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258   COMMISSION OF CONSERVATION

the need of rangers on the timber reservations, of more control of trespass, of conserving timber along streams from the Rockies, and of prairie planting.

At last, on August 15, 1899, a " chief inspector of timber and forestry " was appointed, and this marks the beginning of a branch to organize a system of fire protection. The plan adopted was that of a local selection of fire rangers, working under the direction of the Crown timber agent for the district, or his sub-officers. The agent prescribed the patrol area, and notified the ranger when to commence and when to quit, according to the nature of the season. Each year saw this organization extended into new regions, so that the force with 22 rangers in 1903, numbered in 1912 some 165 men (outside of reserves). The work of supervision has grown beyond the capacity of the Crown agents, with their other affairs, and chief rangers, with no other duties, and with an inspector over all, are in charge.

The forest reserves likewise began to receive some attention as the result of this new step. A system of fire-guard construction along boundaries adjoining open prairie was begun, and forest rangers brought about a more desirable state of affairs as regards fire and timber theft within the reserves. The work of examining non-agricultural areas and creating new reservations went steadily ahead. The Forestry Branch is still the only agency for the classification of Dominion lands.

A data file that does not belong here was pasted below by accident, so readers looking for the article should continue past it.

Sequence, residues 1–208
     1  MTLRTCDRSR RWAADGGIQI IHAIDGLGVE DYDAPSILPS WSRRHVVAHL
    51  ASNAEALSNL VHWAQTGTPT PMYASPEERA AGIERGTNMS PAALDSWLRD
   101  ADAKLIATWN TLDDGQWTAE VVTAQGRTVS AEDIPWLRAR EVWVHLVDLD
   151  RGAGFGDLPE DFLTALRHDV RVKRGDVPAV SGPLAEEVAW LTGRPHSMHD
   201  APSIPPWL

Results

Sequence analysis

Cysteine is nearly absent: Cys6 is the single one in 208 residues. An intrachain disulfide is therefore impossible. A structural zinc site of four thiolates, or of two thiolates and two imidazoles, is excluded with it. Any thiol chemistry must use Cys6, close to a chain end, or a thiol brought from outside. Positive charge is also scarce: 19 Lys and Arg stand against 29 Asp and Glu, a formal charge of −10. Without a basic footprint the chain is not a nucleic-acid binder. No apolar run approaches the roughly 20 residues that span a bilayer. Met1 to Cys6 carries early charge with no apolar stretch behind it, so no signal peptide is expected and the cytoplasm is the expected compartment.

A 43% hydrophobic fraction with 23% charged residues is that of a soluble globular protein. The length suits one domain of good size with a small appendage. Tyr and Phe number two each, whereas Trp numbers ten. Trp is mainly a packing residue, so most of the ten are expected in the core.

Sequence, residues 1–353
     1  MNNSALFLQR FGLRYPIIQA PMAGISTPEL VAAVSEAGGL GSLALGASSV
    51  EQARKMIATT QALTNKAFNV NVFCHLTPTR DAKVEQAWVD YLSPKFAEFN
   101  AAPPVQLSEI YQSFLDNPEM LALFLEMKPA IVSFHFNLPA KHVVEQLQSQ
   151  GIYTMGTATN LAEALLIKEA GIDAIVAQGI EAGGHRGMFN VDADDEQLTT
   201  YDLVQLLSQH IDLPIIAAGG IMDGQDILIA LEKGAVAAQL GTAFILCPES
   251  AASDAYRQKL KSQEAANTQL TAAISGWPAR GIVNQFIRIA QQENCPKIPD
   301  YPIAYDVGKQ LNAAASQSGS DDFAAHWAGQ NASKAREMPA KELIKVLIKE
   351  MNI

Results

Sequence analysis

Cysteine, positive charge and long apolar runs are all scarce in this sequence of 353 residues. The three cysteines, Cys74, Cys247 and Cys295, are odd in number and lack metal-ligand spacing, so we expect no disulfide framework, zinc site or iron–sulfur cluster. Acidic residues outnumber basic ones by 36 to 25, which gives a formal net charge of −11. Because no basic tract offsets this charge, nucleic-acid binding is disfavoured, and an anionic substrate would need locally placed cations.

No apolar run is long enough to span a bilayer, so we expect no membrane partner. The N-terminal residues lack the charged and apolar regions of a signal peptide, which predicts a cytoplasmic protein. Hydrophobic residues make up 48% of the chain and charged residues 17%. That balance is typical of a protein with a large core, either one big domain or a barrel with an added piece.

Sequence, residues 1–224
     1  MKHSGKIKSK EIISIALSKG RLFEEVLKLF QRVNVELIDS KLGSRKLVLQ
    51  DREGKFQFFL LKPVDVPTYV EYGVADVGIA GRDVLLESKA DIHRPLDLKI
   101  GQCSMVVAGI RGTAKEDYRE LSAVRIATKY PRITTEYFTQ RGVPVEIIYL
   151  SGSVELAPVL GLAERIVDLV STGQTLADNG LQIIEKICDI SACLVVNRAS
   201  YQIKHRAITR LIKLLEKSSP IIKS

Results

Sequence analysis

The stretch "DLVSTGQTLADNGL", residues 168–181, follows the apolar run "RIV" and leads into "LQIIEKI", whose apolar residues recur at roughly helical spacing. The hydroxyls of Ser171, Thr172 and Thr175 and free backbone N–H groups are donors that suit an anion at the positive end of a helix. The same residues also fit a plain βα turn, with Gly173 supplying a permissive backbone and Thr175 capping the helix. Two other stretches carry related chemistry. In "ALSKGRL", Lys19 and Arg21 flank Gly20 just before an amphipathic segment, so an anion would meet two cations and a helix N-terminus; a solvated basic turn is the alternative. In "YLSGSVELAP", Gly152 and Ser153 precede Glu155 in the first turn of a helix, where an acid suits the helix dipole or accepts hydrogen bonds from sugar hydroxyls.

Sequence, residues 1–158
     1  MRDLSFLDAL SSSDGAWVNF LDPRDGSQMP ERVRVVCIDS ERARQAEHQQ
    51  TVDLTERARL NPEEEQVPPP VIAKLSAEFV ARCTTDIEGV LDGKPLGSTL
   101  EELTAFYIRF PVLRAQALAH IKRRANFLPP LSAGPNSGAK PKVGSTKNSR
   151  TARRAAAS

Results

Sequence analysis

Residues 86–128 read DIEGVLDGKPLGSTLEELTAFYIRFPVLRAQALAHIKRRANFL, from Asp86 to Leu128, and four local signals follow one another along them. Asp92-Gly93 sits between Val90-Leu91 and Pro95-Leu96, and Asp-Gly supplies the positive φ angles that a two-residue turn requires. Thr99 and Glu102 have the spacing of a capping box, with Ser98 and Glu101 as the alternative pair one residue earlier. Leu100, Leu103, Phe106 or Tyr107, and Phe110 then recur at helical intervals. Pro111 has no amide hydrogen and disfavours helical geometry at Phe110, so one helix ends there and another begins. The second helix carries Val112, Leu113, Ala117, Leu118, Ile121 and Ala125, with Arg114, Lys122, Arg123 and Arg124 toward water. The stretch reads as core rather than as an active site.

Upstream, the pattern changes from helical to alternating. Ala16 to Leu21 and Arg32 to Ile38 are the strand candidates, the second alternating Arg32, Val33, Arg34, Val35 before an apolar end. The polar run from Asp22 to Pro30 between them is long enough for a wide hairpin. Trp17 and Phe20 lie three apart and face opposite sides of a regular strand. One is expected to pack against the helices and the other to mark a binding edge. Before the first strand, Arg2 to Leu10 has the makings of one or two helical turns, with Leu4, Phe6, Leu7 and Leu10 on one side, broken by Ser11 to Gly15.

The long-discussed matter of prairie planting was settled in 1901 by the creation of a tree-planting division, and the establishment of a nursery at Indian Head, Saskatchewan. The object has been to supply settlers with trees for farm planting as shelter belts and small wood-lots. Up to 1913, some 25,000,000 trees have been supplied to applicants, with highly successful results. Stock has also been grown for experimental planting on some of the reserves. It must be borne in mind that the project is not intended to have any relation to the problem of general timber supply.

An important stage was reached in 1906, by the passing of the Dominion Forest Reserves Act, which placed the control and management of the reserves under the Forestry Branch, with provision for the making of regulations for their handling. At the same time a large number of new reserves were created. The licensed berths within reserve boundaries, however, were exempted from reserve regulations, an anomalous action, which removed practically all the mature timber and all the logging operations from the application of forestry practice.

In the present organization, for administration of the reserves in the field, the whole area is divided into four inspection districts, corresponding with provincial boundaries. These are in charge of district


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